July 22, 2015 by 1 Comment
We have been following the development of Bondcube since early 2013 after its foundation in 2012. Founded by CEO Paul Reynolds and CTO Mark Germain, Bondcube had a unique vision to support trader workflow in fixed income to support greater liquidity in the market. While many FinTech start-ups focus on B2C and the client experience, Bondcube was squarely focused on B2B and workflow support for traders. While Bondcube leveraged new Web 2.0 capabilities such as chat and tracking, it was essentially a new tool for an existing audience with the vision created from former industry insiders trying to create something new. The central idea was that Bondcube could revive large order execution, minimize the market impact of search, and be disruptive to existing marketplaces like MarketAxess, Bloomberg and Tradeweb. It planned to optimize trading via chat and by leveraging historical inquiries. We understand it was marketed at zero cost to buyside and (relatively) cheap connectivity for dealers. Bondcube decided to focus on both the Europe and the US, like existing competitors. An investment by Deutsche Boerse AG suggested that Bondcube might have some legs to build traction, but today’s news on liquidation suggests that further funding was needed and the shareholders declined to do so. Brad Bailey is compiling an updated report on the platforms in the market today, but this is clearly a sign that the market is still sorting through the various ideas and that incumbency (and inertia?) still has great value. Also, sometimes the market asks for change but then does not actually adopt the change it’s clamoring for. All too often the buy side says “Yes! Yes!” but does not adopt new options rapidly, but only after long trials and testing. Capital (and patience) can disappear before the testing and optimization process is complete.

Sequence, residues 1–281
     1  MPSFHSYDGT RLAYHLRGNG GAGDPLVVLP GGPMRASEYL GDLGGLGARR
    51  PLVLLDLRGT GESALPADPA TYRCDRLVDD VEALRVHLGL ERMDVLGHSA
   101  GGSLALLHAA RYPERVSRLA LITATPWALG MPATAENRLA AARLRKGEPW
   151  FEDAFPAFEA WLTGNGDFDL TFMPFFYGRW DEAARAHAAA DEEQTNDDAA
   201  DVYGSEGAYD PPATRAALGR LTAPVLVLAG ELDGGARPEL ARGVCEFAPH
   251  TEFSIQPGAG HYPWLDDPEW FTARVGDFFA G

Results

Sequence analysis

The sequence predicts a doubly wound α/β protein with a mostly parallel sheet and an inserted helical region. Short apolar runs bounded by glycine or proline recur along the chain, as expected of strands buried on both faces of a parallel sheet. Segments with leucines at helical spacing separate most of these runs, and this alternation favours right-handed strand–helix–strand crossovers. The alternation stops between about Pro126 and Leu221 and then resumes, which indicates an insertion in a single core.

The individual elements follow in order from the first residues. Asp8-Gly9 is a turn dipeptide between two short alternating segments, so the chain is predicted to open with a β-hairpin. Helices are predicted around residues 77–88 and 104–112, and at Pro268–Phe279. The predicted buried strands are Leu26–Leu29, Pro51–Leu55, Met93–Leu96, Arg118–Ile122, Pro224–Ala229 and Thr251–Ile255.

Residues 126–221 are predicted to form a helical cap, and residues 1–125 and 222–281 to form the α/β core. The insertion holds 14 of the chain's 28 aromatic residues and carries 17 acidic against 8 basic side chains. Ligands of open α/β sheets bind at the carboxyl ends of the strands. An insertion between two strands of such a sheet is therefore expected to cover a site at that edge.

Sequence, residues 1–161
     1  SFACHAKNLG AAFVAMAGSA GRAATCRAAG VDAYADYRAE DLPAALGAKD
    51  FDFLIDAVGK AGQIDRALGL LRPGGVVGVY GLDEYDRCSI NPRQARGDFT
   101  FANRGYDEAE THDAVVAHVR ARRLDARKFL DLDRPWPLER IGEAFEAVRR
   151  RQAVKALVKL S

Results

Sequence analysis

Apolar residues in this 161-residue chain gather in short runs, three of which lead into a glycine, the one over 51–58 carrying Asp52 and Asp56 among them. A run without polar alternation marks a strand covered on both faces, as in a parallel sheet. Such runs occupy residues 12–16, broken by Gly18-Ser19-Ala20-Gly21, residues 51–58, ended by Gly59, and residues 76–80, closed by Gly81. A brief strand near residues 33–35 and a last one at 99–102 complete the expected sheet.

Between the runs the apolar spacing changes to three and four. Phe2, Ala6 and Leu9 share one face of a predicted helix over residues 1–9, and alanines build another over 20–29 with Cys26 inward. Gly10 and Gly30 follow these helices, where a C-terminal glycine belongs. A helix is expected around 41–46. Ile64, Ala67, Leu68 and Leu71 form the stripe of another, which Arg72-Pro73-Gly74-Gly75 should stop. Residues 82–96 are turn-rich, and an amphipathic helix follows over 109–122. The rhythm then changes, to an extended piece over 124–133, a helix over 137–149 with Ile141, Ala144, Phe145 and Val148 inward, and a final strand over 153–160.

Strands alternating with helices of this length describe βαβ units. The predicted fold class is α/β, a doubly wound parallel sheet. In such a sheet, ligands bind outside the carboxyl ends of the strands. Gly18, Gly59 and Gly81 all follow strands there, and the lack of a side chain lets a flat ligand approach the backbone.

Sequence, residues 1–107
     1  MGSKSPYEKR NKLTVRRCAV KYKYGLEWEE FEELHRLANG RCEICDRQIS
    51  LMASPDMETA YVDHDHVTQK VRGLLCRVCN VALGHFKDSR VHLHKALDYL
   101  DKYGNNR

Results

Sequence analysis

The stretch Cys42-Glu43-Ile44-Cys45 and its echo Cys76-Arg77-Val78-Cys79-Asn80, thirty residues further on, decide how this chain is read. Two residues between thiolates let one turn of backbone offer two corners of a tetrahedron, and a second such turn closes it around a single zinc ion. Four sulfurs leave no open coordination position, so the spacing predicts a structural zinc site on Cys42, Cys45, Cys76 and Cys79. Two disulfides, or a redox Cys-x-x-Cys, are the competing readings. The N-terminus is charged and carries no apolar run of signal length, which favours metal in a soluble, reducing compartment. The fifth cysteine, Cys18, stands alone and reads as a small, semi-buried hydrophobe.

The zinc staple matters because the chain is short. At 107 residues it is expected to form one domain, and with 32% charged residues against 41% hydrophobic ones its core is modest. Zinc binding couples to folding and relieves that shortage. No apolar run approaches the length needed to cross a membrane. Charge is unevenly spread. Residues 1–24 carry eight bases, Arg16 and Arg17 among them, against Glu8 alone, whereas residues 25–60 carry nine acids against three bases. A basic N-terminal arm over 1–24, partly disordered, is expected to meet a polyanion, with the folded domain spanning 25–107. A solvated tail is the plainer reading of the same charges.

May 13, 2015 by Leave a Comment
Last week was at the IBM’s World of Watson in NYC – IBM has opened up Watson through the Cloud forming an eco-system where application developers and partners utilizing open APIs can tap into Watson’s cognitive thinking algorithms. IBM has decided to open the Watson platform to partners and developers for more rapid discoveries of real-applications and perhaps marketable applications. Of course many of the impressive applications targeted health care, mapping genomes, cancer research, synthetic drug pre-trials – some amazing stuff. In the area of finance I’m always a touch skeptical, investors have been trying to find the golden algorithms investment portfolios for centuries and not really convinced that Watson will do much better. However I was very impressed with some Private Equity software firm, Vantage Software in Boston, that was using Watson coupled with an accelerator big data analytics module application, AlchemyAPI out of Denver, to comb through social media for smoke signals about firms that were being tracked. For example a small firm is looking for 3 new analytical PhDs in polymer catalysts – a small signal that something might be popping with the young company. If an analyst is tracking say 250-500 start-ups, no way to track this manually. Of course stay tuned for Watson to show-up more in Wealth Management. Here’s some links to the main tent sessions: